Exposure to polycyclic aromatic hydrocarbons has increased over the years with the increase in industrialization. PAHs refer to chemicals that form through incomplete combustion of coal, oil and gas (Agency for Toxic Substances and Disease Registry, ATSDR 1). They also occur when organic substances such as garbage that fail to burn completely. Incomplete combustion results in the release of 100 different chemicals that mix to form PAHs. These hydrocarbons are found in crude oil, roofing tar, coal and creosote (Mah et al. 23). The chart below illustrates how a person can be exposed to PAHs in a 24-hour weekday.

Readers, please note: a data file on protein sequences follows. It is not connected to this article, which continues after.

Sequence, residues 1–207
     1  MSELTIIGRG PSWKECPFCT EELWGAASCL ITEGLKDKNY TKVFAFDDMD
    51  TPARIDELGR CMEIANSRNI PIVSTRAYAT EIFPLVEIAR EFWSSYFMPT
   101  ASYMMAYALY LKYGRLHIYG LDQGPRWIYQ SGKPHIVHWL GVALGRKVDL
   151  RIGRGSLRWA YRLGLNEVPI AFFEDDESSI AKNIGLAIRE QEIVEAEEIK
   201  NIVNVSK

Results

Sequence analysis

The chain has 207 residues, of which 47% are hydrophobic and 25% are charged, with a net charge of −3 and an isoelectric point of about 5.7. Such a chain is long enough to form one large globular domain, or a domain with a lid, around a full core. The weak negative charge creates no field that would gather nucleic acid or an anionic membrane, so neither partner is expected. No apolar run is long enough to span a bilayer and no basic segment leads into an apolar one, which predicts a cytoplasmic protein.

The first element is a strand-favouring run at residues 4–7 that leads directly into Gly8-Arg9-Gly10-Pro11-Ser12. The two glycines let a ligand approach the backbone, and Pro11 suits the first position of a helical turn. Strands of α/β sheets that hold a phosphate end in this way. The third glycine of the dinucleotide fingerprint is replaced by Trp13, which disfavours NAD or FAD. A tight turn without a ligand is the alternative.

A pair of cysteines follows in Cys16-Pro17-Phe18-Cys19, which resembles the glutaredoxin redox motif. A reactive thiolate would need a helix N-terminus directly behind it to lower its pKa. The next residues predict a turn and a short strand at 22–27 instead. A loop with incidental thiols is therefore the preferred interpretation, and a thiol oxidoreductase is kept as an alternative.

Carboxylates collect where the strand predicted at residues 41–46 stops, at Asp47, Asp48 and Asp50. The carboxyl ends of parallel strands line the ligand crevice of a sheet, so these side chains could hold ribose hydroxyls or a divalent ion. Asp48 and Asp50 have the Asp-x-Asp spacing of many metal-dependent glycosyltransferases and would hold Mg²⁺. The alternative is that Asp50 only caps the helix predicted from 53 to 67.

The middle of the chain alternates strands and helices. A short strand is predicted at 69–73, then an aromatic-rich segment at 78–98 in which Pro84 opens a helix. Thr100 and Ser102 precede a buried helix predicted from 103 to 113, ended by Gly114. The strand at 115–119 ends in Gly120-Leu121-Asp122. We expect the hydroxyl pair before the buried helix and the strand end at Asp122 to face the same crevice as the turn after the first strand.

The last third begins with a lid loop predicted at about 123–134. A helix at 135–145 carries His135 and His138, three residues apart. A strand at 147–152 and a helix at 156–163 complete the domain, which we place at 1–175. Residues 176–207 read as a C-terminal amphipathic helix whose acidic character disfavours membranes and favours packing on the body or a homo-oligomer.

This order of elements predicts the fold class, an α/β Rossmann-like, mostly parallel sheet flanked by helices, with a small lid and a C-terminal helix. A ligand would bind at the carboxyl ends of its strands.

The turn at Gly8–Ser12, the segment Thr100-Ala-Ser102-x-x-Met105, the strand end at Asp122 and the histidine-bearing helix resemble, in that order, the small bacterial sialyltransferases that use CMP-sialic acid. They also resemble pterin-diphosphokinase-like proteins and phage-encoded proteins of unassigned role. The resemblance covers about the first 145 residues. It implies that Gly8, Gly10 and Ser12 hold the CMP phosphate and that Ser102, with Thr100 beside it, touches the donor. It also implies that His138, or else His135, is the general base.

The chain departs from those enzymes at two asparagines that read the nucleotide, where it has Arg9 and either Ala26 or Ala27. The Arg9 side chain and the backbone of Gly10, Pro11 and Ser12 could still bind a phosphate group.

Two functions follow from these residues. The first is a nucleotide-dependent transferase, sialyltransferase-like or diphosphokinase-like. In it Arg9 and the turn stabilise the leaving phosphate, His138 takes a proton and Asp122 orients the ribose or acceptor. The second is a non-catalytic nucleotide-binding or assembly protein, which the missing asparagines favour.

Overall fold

Studies have confirmed that exposure to PAHs can cause harms effects on the skin and body fluids (Banks et al. 7). In some cases, exposure to PAHs has resulted in birth defects and low body weights. The department of health and human services found out that some PAHs cause cancer (Jerina et al. 176). In this regard, people who have inhaled or touched some mixtures of these hydrocarbons have developed cancer. Klepeis observed that the change of activities by people during a 24-hour day lead to increased chances of exposure (373). The exposure levels may increase or decrease depending on the nearness to PAH-producing substances. This work has broadened my understanding of PAHs as well as its limitations. Although some PAHs are manufactured, other PAHs are harmful to human and animal health.
Agency for Toxic Substances and Disease Registry. Polycyclic Aromatic
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